When my daughter was born more almost six years ago and started daycare, I noticed a seasonal pattern of illnesses (e.g. colds, norovirus in winter; hand, foot, and mouth disease in fall), which were eventually passed to my wife and me, causing numerous missed workdays.
Knowing that many childhood diseases are caused by viruses that can be transported either through the air or the oral-fecal route, I became obsessed with determining which viruses were actually floating in the air and if there was seasonality to the microbiome. Coincidentally, the Alfred P. Sloan Foundation’s Microbiology of the Built Environment had their first call for postdoctoral fellowships.
As a naïve young postdoc, I submitted a proposal to investigate the seasonal dynamics of the airborne bacterial and viral microbiome at my daughter’s daycare center, with the hypothesis that there was strong seasonality in microbial community composition. I also was very confident I would be able to complete the study within the two-year fellowship period.
Almost six years later, we are finally publishing the results on the airborne viral microbiome. When this study started, I was trying to figure out the best methods for sampling, sequencing, and analysis; I quickly realized that the airborne virome of the built environment had largely been neglected, with most studies examining bacteria and fungi.
We published a paper examining the challenges of studying airborne viruses and why they are less studied compared to airborne bacteria and fungi. There are three primary challenges with studying airborne viruses and performing metagenomics:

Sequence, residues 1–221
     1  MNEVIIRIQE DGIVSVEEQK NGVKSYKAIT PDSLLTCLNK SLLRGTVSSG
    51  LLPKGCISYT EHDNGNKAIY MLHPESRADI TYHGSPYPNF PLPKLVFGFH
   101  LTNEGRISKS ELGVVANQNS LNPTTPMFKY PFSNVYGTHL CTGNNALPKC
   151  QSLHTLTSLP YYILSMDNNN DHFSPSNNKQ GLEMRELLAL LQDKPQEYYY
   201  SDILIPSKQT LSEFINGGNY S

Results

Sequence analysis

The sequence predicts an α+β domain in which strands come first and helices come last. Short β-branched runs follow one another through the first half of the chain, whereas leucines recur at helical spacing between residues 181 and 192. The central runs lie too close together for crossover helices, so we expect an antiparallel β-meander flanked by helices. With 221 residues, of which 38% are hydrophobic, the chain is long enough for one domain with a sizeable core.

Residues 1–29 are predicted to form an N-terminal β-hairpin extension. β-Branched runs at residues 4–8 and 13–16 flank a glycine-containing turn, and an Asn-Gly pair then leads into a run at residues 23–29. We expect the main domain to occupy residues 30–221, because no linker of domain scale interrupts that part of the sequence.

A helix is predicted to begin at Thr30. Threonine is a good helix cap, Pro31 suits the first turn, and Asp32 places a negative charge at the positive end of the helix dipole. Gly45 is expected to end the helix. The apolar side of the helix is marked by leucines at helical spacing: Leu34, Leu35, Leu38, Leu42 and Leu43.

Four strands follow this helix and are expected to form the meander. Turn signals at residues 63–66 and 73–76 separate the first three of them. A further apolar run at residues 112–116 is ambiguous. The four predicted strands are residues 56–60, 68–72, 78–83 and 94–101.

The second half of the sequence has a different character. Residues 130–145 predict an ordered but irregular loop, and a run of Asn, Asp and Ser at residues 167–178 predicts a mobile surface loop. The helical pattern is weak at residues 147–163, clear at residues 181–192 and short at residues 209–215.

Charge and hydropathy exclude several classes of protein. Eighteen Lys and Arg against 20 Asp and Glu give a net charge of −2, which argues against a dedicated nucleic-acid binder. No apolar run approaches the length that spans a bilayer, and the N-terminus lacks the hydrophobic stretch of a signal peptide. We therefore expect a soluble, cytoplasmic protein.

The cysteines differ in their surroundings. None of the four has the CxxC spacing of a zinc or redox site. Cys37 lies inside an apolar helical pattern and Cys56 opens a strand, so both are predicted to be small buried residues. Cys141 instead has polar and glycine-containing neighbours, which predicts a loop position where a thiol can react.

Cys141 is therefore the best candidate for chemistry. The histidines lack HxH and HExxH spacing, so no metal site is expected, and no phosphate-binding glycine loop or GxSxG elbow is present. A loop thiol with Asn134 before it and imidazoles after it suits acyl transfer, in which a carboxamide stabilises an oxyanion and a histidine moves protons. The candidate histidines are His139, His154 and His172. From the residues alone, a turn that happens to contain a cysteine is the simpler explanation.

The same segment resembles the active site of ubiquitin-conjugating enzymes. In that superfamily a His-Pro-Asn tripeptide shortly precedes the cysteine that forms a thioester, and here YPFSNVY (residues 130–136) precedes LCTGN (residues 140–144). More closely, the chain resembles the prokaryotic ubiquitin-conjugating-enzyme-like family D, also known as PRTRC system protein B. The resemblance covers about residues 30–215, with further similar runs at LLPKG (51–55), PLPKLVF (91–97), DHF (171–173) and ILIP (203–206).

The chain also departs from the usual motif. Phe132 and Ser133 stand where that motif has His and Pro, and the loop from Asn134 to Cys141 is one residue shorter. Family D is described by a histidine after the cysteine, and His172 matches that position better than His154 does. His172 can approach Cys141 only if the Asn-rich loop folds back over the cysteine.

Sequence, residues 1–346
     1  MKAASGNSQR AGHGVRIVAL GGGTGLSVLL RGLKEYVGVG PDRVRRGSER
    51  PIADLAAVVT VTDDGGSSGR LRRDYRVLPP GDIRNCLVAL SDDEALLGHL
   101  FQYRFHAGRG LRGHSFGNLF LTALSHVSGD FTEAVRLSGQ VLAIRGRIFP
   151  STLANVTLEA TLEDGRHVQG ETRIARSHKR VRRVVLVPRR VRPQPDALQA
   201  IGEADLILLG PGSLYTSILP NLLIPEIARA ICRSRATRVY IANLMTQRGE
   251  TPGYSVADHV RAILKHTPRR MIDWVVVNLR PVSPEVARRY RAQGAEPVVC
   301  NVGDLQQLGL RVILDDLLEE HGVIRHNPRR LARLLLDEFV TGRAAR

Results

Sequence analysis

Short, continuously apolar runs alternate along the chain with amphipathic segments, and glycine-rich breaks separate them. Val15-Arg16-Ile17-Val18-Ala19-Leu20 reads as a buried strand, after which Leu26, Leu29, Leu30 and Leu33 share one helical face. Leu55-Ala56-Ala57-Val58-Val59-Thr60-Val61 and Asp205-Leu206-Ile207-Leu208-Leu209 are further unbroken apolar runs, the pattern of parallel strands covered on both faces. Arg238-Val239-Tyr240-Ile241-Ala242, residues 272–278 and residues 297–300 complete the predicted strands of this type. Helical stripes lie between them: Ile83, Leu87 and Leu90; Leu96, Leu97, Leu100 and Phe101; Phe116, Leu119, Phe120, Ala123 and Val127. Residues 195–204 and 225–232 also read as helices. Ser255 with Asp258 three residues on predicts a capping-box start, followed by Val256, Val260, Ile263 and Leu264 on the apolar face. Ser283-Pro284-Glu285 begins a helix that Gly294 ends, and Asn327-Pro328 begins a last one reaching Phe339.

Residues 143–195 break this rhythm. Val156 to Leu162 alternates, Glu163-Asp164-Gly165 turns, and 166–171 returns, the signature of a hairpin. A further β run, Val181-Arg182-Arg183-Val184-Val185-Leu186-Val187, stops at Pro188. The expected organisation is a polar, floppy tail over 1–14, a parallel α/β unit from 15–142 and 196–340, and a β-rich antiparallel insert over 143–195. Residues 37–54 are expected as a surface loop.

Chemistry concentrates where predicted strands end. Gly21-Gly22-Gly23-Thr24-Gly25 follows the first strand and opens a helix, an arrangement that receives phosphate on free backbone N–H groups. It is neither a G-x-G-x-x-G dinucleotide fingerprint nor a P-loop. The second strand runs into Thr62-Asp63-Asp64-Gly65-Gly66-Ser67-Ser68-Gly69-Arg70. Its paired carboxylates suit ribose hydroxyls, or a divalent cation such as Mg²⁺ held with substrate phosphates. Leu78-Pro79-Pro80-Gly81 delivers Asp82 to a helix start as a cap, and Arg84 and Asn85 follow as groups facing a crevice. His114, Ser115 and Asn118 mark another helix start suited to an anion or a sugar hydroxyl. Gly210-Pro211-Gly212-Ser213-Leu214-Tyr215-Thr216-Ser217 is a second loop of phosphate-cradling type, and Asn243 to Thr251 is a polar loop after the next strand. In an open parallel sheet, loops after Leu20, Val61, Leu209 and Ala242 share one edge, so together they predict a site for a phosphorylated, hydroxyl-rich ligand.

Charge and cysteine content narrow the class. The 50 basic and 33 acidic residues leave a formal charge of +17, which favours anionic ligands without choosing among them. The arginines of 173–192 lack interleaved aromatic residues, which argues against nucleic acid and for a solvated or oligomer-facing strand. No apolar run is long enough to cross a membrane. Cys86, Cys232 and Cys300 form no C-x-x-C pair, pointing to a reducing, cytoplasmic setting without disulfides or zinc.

We were able to overcome these challenges and determine the airborne virome at my daughters’ daycare center by using the filters in the heating, ventilation, and air conditioning (HVAC) system as our method of sample collection. The benefit of using HVAC filters is that a very large volume of air passes through them, and by collecting month-long samples, we were able to obtain enough viruses for metagenomic sequencing.
We found that in the daycare, human-associated viruses were much more diverse and dominant in the winter, while plant-associated viruses were more dominant in the summer.
After we completed bioinformatics and analyzed the results, we were very surprised by our findings. Our initial hypothesis was that both airborne bacteria and viruses exhibited seasonality; however we didn’t observe any strong seasonality for the bacteria, described in our earlier publication. Viruses showed a completely different story, with strong seasonality.
We found that in the daycare, human-associated viruses were much more diverse and dominant in the winter, while plant-associated viruses were more dominant in the summer. Additionally, similar to bacteria, we found that human occupancy plays an important role (we were able to collect a sample when the daycare was closed for an extended period of time).
Although more work is needed, these patterns might be explained by building dynamics and occupant activity. For example, in the summer windows tend to be open more often, and children spend more time going in and out from the playground, while during the cold winter months windows and doors tend be kept closed so the building is “tighter.”
To our knowledge this is one of the first longitudinal studies on the airborne virome in the built environment. Future work is needed to examine the effect of seasonality on the microbiome of airborne viruses in different climates. Additionally, source-tracking studies are needed to determine where viruses in the built environment are coming from. Finally, examining how building design and operation affects the airborne virome is needed.
Nearly six years – and many sick days later – my family and I all have stronger immune systems, and our study has provided a starting point for understanding the seasonality of the airborne virome in the built environment.